Fears are mounting that prominent academic Dr Nasser bin Ghaith could be at risk of torture or other ill-treatment in secret detention since his arrest by the United Arab Emirates (UAE) authorities on 18 August, Amnesty International said.
“Dr Nasser bin Ghaith’s whereabouts must be immediately disclosed and he must be released if he is being held for peacefully exercising his rights to freedom of expression, association, and assembly. It is a gross abuse of the legal process to hold him incommunicado in a secret place of detention,” said Said Boumedouha, Acting Programme Director of the Middle East and North Africa Programme at Amnesty International.
“We fear that Dr Nasser bin Ghaith is at risk of torture and other ill-treatment at the hands of the country’s State Security body.” According to information gathered by Amnesty International, at 2pm on Tuesday, plainclothes officials from the UAE’s State Security body arrested Dr Nasser bin Ghaith at his work in Abu Dhabi and took him to his home in Dubai. They searched both premises and confiscated a number of items. During the search, Dr Nasser bin Ghaith questioned the officials when they allegedly planted memory sticks that were not his among the items “collected” at his home. According to witnesses, he said that he would “boycott” any interrogation or trial that was held.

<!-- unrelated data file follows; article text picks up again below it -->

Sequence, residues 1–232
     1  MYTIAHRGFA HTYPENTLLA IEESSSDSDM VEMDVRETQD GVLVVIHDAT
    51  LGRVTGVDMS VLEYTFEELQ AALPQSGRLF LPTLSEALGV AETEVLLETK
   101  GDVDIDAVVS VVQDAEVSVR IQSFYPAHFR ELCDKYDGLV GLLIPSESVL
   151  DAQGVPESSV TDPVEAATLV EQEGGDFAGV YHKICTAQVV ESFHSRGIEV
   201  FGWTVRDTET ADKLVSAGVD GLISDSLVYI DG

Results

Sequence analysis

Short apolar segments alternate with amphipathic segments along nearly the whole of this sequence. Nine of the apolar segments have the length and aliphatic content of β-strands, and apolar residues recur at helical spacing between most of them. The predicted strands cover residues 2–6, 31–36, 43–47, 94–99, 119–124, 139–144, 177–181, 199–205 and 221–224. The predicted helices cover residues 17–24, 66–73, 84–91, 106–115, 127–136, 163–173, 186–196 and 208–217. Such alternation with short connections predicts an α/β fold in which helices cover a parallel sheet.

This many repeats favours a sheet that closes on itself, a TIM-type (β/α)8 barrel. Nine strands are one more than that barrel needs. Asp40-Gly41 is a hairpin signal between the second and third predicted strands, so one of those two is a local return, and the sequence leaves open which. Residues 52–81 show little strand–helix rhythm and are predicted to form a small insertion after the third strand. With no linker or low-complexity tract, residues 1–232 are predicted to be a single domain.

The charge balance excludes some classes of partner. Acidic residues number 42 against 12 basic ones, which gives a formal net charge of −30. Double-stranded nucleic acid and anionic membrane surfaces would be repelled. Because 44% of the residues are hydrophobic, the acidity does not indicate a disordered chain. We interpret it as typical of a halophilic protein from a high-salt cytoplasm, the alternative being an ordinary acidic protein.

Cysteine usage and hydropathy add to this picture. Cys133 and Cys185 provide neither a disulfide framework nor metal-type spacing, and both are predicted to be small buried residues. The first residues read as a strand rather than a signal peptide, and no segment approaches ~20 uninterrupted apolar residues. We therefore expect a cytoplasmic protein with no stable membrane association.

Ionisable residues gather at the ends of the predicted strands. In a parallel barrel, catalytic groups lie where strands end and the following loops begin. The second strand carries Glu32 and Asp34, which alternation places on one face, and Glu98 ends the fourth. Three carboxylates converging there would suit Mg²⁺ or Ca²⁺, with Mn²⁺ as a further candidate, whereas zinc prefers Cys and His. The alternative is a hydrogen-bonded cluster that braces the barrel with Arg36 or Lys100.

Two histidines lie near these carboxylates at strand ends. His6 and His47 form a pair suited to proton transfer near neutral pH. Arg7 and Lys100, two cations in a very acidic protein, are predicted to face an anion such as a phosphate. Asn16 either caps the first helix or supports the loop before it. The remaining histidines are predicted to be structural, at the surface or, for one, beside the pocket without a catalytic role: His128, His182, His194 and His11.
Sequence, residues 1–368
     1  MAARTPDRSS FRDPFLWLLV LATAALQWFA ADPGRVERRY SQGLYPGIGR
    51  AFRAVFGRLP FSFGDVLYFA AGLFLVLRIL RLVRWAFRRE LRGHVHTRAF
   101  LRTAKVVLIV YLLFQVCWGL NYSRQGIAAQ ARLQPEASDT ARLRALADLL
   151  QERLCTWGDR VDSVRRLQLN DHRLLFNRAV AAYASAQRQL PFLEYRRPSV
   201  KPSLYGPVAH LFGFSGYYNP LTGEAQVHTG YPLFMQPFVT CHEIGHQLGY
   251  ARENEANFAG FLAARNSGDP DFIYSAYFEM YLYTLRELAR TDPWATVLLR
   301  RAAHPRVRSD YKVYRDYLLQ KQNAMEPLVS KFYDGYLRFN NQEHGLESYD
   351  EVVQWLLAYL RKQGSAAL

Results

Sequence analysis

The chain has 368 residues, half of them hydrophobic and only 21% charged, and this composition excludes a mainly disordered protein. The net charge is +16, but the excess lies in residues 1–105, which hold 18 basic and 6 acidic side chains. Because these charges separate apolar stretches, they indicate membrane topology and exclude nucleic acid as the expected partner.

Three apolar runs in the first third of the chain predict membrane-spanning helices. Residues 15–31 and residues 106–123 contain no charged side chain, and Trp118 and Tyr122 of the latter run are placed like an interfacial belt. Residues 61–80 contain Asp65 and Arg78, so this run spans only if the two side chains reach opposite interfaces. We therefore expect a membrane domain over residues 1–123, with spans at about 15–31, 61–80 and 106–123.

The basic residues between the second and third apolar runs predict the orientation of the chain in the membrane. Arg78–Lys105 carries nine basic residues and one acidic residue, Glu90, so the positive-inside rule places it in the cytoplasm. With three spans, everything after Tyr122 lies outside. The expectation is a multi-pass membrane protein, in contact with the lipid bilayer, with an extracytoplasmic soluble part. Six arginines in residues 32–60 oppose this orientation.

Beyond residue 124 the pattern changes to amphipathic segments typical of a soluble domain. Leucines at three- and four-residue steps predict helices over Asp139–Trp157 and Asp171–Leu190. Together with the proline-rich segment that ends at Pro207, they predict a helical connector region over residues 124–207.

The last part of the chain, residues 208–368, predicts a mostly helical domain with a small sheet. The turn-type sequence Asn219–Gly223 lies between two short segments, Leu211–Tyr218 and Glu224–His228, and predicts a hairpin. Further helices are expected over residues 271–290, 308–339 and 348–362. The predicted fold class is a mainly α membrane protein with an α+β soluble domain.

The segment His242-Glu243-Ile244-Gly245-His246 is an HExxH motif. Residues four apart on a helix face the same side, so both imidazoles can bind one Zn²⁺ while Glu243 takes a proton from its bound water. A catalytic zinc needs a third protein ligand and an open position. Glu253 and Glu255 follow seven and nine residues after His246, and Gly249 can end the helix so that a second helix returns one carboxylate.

There are unconfirmed reports that he may have been detained for tweeting about Egypt’s Rabaa al-‘Adaweya massacre – the violent dispersal of two sit-ins by security forces in August 2013 in which hundreds of people were killed.
Dr Nasser bin Ghaith was previously arrested in April 2011 and charged alongside four other activists with “publicly insulting” the UAE’s President, Vice-President and Crown Prince of Abu Dhabi in comments posted on an online discussion forum. He had signed a petition just weeks earlier with a group of leading Emirati citizens calling for political reform, including the right to vote in parliamentary elections.
After more than seven months in detention and following an unfair trial, the five were convicted by the State Security Chamber of the Federal Supreme Court on 27 November 2011 with Dr Nasser bin Ghaith receiving a two-year jail sentence.
They were not allowed to lodge an appeal, in contravention of international fair trial standards. The men became known as the “UAE 5” and, after international pressure, all five were released under a presidential pardon on 28 November 2011, though it remains unclear whether their convictions were ever expunged from the official record.